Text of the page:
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Gabapentin (Neurontin ve benzerleri), pregabalin (Lyrica ve benzerleri) beş ağrılarında etkisiz veya çok az etkili olmasına ragmen ciddi yan etkilere sahip. Yeni yapılan araştırmada gabapentin (Neurontin, Gabaset, Gabateva, Gabanyl, Gemuda, Patyca vs…) placebo ile karşılaştırıldığında minimum etki tesbit edilmiş. Pregabalin (Lyrica, Alyse, Galara, Lir, Neogaba,Paden,Pagamax, Perge, Pigus, Spesicor,Zenixa, vs..). üç çalışmada diğer tip ağrı kesicilerrle kıyaslandığında diğer ağrı kesicilerin pregabalinden daha etkili olduğu ortaya çıkmıştır. Pregabalinin tapentadol (Nucynta, opioid) ile kombinasyonunda da bir fayda elde edilememiştir. Çalışmalarda ölüme rastlanmamıştır. Plasebo grubundan anlamlı olarak seremlik, bitkinlik, dunce zorluğu ve mental aktivite bozukluğu ve görme bozuklukları gabapentin ve pregabalin gruplarında yüksek bulunmuştur.
SONUÇ: gabapentinoidler ciddi yan etkileri yanında hastalara anlamlı bir fayda sağlamamaktadır

Benefits and safety of gabapentinoids in chronic low back pain: A systematic review and meta-analysis of randomized controlled trials
Harsha Shanthanna , Ian Gilron, Manikandan Rajarathinam, Rizq AlAmri, Sriganesh Kamath, Lehana Thabane, Philip J. Devereaux,
Plos Medicine: Published: August 15, 2017,
Background and objective
Chronic Low Back Pain (CLBP) is very common, with a lifetime prevalence between 51% and 80%. In majority, it is nonspecific in nature and multifactorial in etiology. Pregabalin (PG) and Gabapentin (GB) are gabapentinoids that have demonstrated benefit in neuropathic pain conditions. Despite no clear rationale, they are increasingly used for nonspecific CLBP. They necessitate prolonged use and are associated with adverse effects and increased cost. Recent guidelines from the National Health Service (NHS), England, expressed concerns on their off-label use, in addition to the risk of misuse. We aimed to assess the effectiveness and safety of gabapentinoids in adult CLBP patients.
Electronic databases of MEDLINE, EMBASE, and Cochrane were searched from their inception until December 20th, 2016. We included randomized control trials reporting the use of gabapentinoids for the treatment of CLBP of >3 months duration, in adult patients. Study selection and data extraction was performed independently by paired reviewers. Outcomes were guided by Initiative on Methods, Measurement and Pain Assessment in Clinical Trials guidelines, with pain relief and safety as the primary outcomes. Meta-analyses were performed for outcomes reported in 3 or more studies. Outcomes were reported as mean differences (MDs) or risk ratios (RRs) with their corresponding 95% confidence intervals (CIs), and I2 in percentage representing the percentage variability in effect estimates that could be explained by heterogeneity. GRADE (Grading of Recommendations Assessment, Development, and Evaluation) was used to assess the quality of evidence.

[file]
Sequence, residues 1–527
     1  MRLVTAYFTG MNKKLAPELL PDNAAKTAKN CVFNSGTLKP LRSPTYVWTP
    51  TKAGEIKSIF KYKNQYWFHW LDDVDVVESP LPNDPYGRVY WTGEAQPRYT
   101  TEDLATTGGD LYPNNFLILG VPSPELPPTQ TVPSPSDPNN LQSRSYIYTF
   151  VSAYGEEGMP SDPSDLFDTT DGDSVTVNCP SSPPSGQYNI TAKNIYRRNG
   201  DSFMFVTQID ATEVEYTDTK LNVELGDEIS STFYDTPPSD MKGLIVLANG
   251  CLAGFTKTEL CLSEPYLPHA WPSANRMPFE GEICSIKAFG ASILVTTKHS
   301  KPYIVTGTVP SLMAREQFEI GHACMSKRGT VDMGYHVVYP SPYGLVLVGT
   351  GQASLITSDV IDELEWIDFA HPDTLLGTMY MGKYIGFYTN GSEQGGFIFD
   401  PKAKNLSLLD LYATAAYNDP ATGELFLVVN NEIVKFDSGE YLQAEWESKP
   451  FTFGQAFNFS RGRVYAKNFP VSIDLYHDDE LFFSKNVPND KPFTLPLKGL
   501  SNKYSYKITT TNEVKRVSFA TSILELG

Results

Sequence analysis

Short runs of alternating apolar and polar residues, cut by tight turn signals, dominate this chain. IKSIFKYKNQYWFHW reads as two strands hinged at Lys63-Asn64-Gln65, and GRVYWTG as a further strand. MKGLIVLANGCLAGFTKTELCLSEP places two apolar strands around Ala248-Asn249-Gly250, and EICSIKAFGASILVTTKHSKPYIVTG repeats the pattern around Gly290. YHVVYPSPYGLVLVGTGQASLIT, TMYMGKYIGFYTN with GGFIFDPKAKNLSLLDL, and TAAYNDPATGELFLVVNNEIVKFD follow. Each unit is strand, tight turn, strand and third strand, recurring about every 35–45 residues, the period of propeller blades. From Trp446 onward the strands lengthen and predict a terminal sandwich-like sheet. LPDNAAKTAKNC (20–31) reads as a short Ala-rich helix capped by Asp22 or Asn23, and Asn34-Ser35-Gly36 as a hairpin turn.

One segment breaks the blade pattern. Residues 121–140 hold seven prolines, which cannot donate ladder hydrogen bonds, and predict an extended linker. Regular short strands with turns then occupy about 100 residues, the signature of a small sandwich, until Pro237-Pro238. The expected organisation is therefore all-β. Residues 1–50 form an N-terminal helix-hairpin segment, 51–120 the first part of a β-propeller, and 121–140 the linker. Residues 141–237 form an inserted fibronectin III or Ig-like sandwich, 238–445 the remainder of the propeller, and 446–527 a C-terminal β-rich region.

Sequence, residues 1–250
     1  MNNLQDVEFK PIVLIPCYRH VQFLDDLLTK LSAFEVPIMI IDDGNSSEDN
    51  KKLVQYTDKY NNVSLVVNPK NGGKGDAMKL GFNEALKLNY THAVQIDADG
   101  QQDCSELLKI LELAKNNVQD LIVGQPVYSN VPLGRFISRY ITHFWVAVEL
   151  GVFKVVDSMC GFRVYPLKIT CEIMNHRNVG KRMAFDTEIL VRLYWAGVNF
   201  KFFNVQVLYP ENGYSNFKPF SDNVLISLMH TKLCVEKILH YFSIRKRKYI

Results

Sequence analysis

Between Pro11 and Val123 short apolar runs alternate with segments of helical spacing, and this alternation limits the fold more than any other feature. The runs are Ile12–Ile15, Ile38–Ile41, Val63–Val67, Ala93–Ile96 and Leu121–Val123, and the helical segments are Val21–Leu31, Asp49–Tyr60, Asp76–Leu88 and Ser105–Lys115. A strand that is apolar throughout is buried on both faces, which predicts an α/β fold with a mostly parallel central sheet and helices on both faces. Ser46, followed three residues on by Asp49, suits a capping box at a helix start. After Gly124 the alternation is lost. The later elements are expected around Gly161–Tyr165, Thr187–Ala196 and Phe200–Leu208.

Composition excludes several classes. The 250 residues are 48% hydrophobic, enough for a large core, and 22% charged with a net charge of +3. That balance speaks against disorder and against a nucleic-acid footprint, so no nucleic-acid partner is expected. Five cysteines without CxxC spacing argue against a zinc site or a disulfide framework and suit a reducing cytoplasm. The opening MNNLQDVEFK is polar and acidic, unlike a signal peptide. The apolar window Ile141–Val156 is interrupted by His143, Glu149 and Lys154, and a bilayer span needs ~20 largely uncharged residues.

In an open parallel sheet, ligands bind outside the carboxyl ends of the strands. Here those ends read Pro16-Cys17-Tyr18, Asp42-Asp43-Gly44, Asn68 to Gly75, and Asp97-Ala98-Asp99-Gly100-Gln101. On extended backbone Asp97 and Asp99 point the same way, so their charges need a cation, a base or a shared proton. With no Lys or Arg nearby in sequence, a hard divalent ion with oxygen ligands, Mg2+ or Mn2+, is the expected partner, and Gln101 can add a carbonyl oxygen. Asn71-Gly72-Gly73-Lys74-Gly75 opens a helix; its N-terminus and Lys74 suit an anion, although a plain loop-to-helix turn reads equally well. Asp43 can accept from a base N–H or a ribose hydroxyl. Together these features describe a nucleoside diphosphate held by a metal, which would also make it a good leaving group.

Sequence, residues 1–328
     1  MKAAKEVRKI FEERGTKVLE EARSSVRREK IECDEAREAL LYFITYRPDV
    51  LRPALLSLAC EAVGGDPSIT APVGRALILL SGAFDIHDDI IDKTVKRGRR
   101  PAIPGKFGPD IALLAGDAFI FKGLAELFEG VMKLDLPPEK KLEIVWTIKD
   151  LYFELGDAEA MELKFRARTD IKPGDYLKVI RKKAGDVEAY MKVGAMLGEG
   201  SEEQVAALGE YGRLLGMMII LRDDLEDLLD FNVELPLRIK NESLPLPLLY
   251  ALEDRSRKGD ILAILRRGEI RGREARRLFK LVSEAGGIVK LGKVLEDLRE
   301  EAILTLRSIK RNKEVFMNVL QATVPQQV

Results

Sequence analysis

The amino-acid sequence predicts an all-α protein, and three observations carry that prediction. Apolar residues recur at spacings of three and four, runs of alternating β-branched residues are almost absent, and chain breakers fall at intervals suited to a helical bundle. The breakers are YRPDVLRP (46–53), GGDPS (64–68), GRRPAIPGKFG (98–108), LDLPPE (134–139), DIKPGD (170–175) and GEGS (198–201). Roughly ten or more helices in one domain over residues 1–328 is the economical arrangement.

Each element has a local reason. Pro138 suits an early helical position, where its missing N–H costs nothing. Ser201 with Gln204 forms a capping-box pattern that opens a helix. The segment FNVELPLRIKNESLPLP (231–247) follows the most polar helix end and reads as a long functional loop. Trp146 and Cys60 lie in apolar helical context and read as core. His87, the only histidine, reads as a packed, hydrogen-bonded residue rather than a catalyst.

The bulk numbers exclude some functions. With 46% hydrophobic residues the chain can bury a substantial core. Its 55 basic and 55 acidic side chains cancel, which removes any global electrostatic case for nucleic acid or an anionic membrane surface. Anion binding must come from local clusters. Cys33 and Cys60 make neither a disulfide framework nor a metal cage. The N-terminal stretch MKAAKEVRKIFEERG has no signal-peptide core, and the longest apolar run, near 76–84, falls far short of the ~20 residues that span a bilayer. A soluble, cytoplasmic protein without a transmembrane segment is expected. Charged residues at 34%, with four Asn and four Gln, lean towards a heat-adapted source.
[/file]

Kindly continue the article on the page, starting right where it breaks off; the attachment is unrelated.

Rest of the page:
Out of 1,385 citations, eight studies were included. Based on the interventions and comparators, studies were analyzed in 3 different groups. GB compared with placebo (3 studies, n = 185) showed minimal improvement of pain (MD = 0.22 units, 95% CI [−0.5 to 0.07] I2 = 0%; GRADE: very low). Three studies compared PG with other types of analgesic medication (n = 332) and showed greater improvement in the other analgesic group (MD = 0.42 units, 95% CI [0.20 to 0.64] I2 = 0; GRADE: very low). Studies using PG as an adjuvant (n = 423) were not pooled due to heterogeneity, but the largest of them showed no benefit of adding PG to tapentadol. There were no deaths or hospitalizations reported. Compared with placebo, the following adverse events were more commonly reported with GB: dizziness-(RR = 1.99, 95% CI [1.17 to 3.37], I2 = 49); fatigue (RR = 1.85, 95% CI [1.12 to 3.05], I2 = 0); difficulties with mentation (RR = 3.34, 95% CI [1.54 to 7.25], I2 = 0); and visual disturbances (RR = 5.72, 95% CI [1.94 to 16.91], I2 = 0). The number needed to harm with 95% CI for dizziness, fatigue, difficulties with mentation, and visual disturbances were 7 (4 to 30), 8 (4 to 44), 6 (4 to 15), and 6 (4 to 13) respectively. The GRADE evidence quality was noted to be very low for dizziness and fatigue, low for difficulties with mentation, and moderate for visual disturbances. Functional and emotional improvements were reported by few studies and showed no significant improvements.